South-Western Legal Studies in Business

Suspect Who Fled Liable for Injury Suffered by Police Chasing Him
Description Connecticut high court held that a suspect who was chased by a policeman into the woods was liable to the officer and his employer for the cost incurred when the officer fell and was injured. The firefigher's rule did not protect the defendant against liability.
Topic Torts
Key Words Negligence; Duty of Care; Property; Firefighter's Rule
C A S E   S U M M A R Y
Facts Levandoski, a policeman, was breaking up a loud party at a house when the defendant, Cone, who was at the party, grabbed what appeared to be a bag of marijuana, and took off running. Levandoski chased him into the woods, fell from a ledge and was seriously injured. Levandoski sued Cone for negligence and his employer, the town, intervened on his side to seek reimbursement of workers' compensation benefits paid to Levandoski. The jury held for the plaintiffs and awarded damages. Cone appealed.

Affirmed. The common-law "firefighter's rule" provides that a firefighter or police officer who enters private property in the exercise of his duties occupies the status of a licensee and is owed a duty of care by the property owner that is less than that owed to an ordinary invitee. Thus, the landowner generally owes the firefighter or police officer injured on his property only the duty not to cause injury to him willfully or wantonly. The issue here is whether the rule should be extended beyond the scope of premises liability so as to bar a police officer from recovering, based on negligence, from a tortfeasor who is neither an owner nor a person in control of the premises. Defendant contends that the rule should apply in this instance, but it does not. He had been ordered to stop and failed to do so. He knew he was being chased over unlit property, so he knew that the officer chasing him could be injured when running through unfamiliar land.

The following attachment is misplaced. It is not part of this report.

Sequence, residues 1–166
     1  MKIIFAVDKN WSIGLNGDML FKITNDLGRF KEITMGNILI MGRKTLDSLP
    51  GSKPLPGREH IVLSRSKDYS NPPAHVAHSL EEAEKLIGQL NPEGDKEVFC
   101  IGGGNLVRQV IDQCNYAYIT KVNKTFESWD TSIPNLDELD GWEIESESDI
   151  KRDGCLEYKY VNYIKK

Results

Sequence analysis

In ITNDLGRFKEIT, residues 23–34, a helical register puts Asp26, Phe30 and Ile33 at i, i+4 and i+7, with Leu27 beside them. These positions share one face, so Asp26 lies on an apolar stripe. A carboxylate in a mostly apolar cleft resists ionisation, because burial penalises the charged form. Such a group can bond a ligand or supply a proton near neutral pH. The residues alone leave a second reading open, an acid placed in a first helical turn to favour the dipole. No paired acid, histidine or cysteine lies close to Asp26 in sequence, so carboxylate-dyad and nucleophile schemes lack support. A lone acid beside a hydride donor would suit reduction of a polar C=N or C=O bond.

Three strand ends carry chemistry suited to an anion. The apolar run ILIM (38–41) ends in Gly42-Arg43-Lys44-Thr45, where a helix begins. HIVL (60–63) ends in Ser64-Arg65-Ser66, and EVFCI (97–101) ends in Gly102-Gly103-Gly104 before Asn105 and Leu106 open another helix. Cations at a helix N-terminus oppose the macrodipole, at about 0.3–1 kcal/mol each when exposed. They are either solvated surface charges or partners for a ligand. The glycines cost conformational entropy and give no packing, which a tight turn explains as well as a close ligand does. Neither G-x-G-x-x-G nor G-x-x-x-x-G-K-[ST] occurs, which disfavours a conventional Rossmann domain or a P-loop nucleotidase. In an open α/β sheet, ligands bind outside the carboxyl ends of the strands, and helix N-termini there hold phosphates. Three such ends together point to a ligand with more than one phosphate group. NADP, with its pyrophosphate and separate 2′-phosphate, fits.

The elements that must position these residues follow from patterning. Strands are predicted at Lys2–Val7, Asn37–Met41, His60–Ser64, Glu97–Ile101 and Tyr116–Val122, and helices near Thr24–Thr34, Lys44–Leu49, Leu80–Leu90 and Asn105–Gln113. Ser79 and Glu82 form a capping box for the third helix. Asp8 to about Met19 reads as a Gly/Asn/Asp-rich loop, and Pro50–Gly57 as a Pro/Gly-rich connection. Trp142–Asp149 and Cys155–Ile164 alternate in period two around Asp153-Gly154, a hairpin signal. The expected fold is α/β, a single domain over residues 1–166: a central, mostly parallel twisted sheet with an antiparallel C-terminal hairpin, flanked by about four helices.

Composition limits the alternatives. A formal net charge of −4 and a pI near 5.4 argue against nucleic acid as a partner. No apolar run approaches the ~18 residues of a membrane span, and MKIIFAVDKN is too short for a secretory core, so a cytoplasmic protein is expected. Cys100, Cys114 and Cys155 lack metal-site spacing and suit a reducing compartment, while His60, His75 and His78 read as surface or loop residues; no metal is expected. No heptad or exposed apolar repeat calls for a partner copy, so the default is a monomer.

Citation Levandoski v. Cone, 841 A.2d 208 (Sup. Ct., Conn., 2004)

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